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Dreaming of Tomorrow’s Reunited Korean Peninsula

Professor Yoon Mook Lim , Yonsei School of Civil and Environmental Engineering

In the midst of preparations for reunification, North Korea’s infrastructure is an essential factor. Costs on infrastructure after reunification is expected to cover 40% of the total reunification cost, and this means that a reduction of 10% on this sector may ease 4% of the total cost. Although the level of infrastructure between the two Koreas did not show great discrepancy during the 1950s, the current conditions of other regions in North Korea are extremely vulnerable.

Infrastructure refers to “everything used by the public” including airports, ports, railroads, transportation systems, electricity, and so on. According to Global Competitiveness Report of World Economic Forum from 2012-13’, a state’s levels of infrastructure and development share a positive correlation. In other words, a state’s quality of life can be judged by the amount of investments made in infrastructure.

In contrast to the current conditions of Pyeongyang, other regions of North Korea still continue be constrained at a development level comparable to that of South Korea during the 1980s. In addition, North Korea’s subway system is impeded by incompetent administration and relies mostly on Russia for electric locomotives. North Korea also still solely relies on imported cars, and other transportation conditions are at a highly vulnerable state in terms of technical skills.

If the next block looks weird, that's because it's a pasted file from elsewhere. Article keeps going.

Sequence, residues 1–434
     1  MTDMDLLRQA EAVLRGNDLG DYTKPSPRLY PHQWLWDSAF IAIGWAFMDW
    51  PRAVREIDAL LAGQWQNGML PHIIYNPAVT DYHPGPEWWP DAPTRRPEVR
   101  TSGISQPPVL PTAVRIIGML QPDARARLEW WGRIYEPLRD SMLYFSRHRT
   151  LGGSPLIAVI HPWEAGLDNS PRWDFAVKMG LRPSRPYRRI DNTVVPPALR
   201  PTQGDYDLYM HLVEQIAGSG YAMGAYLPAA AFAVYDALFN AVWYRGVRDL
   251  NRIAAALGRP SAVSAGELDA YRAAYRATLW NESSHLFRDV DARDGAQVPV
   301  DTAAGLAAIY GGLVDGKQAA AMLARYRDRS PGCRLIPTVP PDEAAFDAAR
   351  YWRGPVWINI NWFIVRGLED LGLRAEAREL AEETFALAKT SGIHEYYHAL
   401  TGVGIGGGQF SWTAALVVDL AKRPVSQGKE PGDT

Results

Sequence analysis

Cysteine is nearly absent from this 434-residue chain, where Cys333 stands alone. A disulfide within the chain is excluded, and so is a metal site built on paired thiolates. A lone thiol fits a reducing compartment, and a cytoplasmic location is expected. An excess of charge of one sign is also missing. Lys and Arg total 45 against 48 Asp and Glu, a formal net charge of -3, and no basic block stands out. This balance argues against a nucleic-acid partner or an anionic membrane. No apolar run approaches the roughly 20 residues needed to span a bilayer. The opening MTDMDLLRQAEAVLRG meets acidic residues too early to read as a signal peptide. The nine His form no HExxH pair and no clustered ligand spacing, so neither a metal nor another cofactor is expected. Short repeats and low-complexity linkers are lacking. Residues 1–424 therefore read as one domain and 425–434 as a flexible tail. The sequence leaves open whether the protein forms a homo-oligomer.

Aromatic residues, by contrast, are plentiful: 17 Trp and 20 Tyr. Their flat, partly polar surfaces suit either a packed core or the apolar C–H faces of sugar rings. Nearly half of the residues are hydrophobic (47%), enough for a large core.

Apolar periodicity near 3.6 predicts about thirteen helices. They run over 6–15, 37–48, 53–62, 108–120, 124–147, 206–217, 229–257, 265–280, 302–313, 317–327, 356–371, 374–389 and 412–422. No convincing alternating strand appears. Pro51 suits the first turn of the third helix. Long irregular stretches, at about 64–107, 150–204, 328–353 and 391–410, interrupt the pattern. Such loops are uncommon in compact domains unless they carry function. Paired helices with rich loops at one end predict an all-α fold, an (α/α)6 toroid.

North Korea’s road infrastructure is way behind South Korea’s as the former’s 26,000km road system is only a quarter of the latter’s. The pavement rate is also only 8~10% while Seoul marks 100%, and 90% at a national level. Furthermore, the 661km highway system of North Korea is only one-sixth of South Korea’s in length. Despite the fact that North Korea’s 5000km railroad system is relatively better off, future plans regarding various factors are evaluated as myopic.

The recent twenty-year contract of “North’s Railway Network Modernization Project” with Russia consists of an exchange of US$25 billion and mining rights of Bastnäsite in North Korean territory. Accordingly, North Korea does not take advantage of mining resources for direct benefits but rather for exports or trades. While South Korea is attempting to further catalyze communication and transfer of skills through projects such as a united highway system, efforts regarding this cooperation in South Korea is quite divided rather than united. For further progress, it is important that a unilateral political economic agreement is prioritized over individual institutional cooperation.

There is no doubt that infrastructure is a pivotal yet expensive factor of a state’s quality of life, and there is a myriad of shortcomings for North Korea to overcome especially compared to South Korea. In order to face this challenge more effectively, perhaps economic cooperation projects such as Gaesung Industrial Complex may be salubrious. Conceding that both government and civil organizations make efforts to construct a helpful network and that justifiable political economic policies will be adopted, we can expect a substantial reduction in infrastructure costs.

Translated by Kim, Somang

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